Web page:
Maybe employees contemplated these beliefs during quarantine, passing days in houses, condos and apartments that normally remain vacant at least 40 hours or more each week.
Maybe, just maybe, they concluded that working and earning was not all that it has been proselytized to be. Maybe, if they were paying attention, they took note of the impact of the workplace on their health and the health of the Planet.
“After rising steadily for decades, global carbon dioxide emissions fell by 6.4%, or 2.3 billion tonnes, in 2020, as the COVID-19 pandemic squelched economic and social activities worldwide, according to new data on daily fossil fuel emissions…The United States contributed the most to the global dip, with a nearly 13% decrease in its emissions, due mostly to a sharp decline in vehicle transportation that began with lockdowns in March and continued as the pandemic escalated at the end of the year.” https://www.nature.com/articles/d41586-021-00090-3#:~:text=After%20rising%20steadily%20for%20decades,on%20daily%20fossil%20fuel%20emissions.
The belief in working and earning, and all beliefs in alignment with it, beliefs that operate contrary to the well-being of the Earth and all life on it, are coming under more scrutiny. It will be increasingly difficult to conclude that these beliefs are capable of creating any lasting peace and well-being for the Earth and its inhabitants. It is only a matter of time when the beliefs are found untenable that the practices based on them will, as a matter of course, collapse. The Great Resignation is a sign, maybe just a small one, of the gestation of the shift in awareness needed to enfeeble the belief in and practice of working and earning.
Finally, it is not a question of whether or not the disintegration of this regime’s unsustainable practices will occur, but how. The New Way of Being can be the result of a conscious choice made to lay aside the old because it no longer operates for the highest good of all. Or the New can be ushered in as a result of these already withering systems, and the beliefs that are the foundation of them, being battered by one global upheaval, after another, and another… until they collapse. The pandemic, and The Great Resignation born of it, respectively, is an example of one such upheaval and one such battering.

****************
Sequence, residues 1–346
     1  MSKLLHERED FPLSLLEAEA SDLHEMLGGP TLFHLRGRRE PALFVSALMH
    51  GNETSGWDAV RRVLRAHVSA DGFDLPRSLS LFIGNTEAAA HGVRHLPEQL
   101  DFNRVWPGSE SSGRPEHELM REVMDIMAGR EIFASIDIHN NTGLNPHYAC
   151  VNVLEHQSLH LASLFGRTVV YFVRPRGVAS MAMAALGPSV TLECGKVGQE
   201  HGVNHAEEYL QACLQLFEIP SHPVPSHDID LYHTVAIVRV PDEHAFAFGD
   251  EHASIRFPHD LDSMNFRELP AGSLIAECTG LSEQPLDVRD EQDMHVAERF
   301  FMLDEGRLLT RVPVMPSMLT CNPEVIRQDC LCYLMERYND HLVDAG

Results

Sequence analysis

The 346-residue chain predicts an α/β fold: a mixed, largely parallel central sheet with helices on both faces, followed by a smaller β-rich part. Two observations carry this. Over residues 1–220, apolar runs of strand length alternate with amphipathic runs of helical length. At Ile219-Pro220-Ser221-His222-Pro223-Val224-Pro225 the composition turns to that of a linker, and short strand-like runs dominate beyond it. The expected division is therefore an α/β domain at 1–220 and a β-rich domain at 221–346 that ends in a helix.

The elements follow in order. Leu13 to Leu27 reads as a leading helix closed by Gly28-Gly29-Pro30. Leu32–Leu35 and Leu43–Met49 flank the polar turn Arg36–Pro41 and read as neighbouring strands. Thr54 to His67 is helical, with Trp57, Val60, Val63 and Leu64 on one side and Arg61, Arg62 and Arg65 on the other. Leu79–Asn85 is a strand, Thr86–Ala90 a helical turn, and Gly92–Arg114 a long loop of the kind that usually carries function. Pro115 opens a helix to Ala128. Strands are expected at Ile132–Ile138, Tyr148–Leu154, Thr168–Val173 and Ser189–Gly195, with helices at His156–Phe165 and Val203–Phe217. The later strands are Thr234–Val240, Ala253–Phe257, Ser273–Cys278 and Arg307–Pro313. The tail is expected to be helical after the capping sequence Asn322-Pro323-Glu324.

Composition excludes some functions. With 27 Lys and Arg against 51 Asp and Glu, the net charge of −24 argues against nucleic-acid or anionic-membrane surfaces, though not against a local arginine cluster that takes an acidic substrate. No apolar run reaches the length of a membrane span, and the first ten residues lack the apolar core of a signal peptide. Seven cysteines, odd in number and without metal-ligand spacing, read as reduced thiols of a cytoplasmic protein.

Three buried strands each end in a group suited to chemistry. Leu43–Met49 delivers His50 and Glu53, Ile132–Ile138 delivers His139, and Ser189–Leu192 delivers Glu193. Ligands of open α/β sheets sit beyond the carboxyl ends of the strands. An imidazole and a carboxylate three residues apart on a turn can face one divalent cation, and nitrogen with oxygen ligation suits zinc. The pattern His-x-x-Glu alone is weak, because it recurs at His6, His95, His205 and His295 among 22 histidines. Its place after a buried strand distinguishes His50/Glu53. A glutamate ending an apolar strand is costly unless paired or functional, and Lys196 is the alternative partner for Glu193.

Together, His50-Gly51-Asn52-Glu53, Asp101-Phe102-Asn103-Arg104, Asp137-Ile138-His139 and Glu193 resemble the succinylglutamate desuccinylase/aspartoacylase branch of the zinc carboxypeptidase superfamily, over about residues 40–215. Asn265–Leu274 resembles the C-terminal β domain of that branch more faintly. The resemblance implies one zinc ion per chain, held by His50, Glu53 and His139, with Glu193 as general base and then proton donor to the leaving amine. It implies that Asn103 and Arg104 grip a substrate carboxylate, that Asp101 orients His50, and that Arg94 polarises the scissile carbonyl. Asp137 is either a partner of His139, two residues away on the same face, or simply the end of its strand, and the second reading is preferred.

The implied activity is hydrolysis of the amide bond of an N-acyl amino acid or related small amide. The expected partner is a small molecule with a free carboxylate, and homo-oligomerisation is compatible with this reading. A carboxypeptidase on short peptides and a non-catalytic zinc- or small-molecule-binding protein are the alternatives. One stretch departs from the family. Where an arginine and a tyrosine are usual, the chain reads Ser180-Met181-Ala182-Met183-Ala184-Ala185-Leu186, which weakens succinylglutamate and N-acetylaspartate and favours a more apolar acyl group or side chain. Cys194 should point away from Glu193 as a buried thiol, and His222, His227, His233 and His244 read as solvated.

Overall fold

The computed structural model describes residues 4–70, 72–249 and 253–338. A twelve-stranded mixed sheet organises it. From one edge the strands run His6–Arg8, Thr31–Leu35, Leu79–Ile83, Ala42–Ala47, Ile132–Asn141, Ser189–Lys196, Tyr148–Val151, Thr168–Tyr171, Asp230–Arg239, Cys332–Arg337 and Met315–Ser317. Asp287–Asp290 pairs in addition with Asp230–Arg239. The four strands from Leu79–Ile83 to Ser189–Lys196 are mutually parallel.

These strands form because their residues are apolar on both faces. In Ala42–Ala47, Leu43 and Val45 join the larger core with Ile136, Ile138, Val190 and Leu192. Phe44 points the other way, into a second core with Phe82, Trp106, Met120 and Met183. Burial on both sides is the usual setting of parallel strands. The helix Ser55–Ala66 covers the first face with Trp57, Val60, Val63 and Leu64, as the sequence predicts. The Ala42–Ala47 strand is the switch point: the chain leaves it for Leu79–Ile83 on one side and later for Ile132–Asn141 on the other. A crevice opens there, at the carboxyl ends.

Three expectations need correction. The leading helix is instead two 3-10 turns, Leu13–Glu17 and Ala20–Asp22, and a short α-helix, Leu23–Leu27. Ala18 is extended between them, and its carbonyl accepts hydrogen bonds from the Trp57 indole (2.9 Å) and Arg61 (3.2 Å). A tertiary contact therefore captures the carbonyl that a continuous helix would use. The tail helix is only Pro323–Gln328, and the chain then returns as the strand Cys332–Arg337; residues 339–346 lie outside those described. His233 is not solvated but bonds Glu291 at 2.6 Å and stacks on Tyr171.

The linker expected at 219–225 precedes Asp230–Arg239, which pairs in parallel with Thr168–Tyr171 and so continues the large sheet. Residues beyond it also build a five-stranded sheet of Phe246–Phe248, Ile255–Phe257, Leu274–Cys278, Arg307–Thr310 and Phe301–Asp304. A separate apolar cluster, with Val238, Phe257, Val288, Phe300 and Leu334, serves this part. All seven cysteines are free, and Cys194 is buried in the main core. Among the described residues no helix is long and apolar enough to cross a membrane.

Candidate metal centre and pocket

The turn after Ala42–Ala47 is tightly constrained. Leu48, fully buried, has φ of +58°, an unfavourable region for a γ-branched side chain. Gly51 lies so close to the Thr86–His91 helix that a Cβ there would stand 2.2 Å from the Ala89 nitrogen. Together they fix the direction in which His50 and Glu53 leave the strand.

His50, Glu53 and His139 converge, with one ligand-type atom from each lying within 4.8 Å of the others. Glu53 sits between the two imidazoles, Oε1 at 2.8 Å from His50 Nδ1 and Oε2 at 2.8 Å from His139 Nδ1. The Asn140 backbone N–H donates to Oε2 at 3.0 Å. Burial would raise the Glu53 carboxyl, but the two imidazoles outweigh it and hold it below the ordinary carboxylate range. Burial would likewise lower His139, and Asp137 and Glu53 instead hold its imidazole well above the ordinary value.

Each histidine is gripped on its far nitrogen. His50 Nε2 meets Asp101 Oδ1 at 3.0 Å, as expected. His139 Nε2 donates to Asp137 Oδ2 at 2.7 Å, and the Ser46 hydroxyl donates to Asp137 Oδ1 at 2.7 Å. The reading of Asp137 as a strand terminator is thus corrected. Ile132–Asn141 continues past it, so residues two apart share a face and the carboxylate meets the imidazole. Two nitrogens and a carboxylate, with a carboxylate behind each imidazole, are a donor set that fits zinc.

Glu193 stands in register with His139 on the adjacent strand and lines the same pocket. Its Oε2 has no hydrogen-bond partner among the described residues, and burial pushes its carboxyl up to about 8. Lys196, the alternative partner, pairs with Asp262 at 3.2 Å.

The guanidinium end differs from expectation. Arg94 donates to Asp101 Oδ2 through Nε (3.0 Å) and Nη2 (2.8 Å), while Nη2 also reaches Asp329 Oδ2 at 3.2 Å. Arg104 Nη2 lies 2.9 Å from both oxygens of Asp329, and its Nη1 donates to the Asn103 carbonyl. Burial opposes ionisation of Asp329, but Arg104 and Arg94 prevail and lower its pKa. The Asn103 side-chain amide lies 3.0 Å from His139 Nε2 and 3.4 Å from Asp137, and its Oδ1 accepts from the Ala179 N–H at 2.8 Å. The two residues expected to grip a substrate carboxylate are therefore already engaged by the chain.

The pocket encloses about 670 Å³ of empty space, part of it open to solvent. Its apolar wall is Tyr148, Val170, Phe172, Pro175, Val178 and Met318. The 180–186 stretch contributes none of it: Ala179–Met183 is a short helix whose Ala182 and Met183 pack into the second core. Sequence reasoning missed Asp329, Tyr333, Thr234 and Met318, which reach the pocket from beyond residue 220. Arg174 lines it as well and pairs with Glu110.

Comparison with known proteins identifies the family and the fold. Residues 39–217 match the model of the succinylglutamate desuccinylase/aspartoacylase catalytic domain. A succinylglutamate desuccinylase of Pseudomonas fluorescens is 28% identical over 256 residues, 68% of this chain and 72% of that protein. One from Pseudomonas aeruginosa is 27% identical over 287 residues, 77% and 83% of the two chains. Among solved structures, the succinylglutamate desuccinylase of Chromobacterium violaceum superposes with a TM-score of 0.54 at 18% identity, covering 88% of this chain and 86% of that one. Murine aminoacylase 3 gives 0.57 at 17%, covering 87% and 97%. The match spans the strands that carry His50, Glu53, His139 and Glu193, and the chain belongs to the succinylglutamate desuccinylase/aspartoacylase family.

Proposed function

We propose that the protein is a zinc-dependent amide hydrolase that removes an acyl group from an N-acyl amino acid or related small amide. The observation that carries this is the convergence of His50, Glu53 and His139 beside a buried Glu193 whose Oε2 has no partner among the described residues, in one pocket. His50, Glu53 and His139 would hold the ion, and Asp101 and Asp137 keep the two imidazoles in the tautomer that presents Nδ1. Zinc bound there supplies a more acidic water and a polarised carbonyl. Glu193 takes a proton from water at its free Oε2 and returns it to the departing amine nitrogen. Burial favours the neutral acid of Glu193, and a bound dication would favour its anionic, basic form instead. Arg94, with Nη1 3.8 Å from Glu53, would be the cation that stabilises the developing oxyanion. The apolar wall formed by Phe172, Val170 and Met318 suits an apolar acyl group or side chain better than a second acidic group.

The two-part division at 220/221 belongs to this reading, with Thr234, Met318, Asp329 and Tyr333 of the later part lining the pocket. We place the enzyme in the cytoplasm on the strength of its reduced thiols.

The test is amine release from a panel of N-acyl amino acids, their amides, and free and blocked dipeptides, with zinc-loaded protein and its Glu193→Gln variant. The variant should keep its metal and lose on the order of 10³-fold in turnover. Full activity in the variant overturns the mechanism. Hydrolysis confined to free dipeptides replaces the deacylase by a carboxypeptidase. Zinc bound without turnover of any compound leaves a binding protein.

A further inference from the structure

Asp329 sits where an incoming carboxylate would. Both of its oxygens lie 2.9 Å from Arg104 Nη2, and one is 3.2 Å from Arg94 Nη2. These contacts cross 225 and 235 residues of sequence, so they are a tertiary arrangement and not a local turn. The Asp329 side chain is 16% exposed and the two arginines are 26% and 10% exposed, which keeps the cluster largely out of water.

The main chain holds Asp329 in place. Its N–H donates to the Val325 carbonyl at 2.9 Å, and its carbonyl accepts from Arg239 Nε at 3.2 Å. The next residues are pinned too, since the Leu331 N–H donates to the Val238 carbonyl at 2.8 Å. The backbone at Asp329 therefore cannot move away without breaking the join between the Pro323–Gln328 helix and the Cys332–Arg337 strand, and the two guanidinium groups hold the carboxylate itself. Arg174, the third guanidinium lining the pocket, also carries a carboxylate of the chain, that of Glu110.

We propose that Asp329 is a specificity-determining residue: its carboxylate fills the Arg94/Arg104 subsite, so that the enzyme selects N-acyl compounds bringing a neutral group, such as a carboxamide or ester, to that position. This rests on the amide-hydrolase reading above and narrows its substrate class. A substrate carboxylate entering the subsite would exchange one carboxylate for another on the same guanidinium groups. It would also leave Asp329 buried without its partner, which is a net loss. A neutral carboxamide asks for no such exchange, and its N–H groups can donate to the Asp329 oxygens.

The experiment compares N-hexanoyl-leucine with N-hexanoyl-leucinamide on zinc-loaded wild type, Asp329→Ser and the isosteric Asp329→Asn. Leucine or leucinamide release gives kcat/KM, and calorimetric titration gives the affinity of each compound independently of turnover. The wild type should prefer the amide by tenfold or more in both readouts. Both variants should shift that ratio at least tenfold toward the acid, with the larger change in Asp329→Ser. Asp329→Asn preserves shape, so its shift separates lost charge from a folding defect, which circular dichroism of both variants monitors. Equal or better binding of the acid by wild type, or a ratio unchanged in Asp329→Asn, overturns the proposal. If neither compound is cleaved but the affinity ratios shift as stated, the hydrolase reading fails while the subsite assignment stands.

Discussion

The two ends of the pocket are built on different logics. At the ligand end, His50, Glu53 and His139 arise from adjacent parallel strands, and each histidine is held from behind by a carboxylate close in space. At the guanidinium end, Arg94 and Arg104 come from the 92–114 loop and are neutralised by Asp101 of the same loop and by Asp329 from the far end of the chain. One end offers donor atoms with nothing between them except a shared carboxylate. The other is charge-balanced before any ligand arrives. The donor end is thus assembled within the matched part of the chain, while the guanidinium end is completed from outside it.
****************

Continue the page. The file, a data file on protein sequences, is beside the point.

And that’s the Call, Rap & Real talk about the belief in working and earning a living.
1 Gallup has been conducting surveys on workers and worker engagement for nearly 50 years. Their surveys are evidence that workplace engagement has been declining for years, and that U.S. workers have maintained a disdain for jobs and working.
2 The pandemic resulted in the permanent closure of roughly 200,000 U.S. establishments. On the other hand, there were businesses that laid off employees, but continued to make a profit during the pandemic. This may account for some of the increased workloads and employee burnout.
3 Also, as of 2022, revenues, profit margins have surpassed late-2019 levels for most public companies; bigger firms have fared better than smaller ones (WSJ)
These articles may be of some interest. Two talk about how the Great Resignation has morphed into the Great Regret and the other about student loan debt cancellation. I read these too late to integrate it into the essay. What I found the most entertaining about the first article were the comments. They speak to the entrenchment of the belief in working and earning. Underneath the comments I sensed that in general people identify themselves as “workers” before they identify themselves as human beings. But that’s just my reading. I know them/us to be spirits/creators.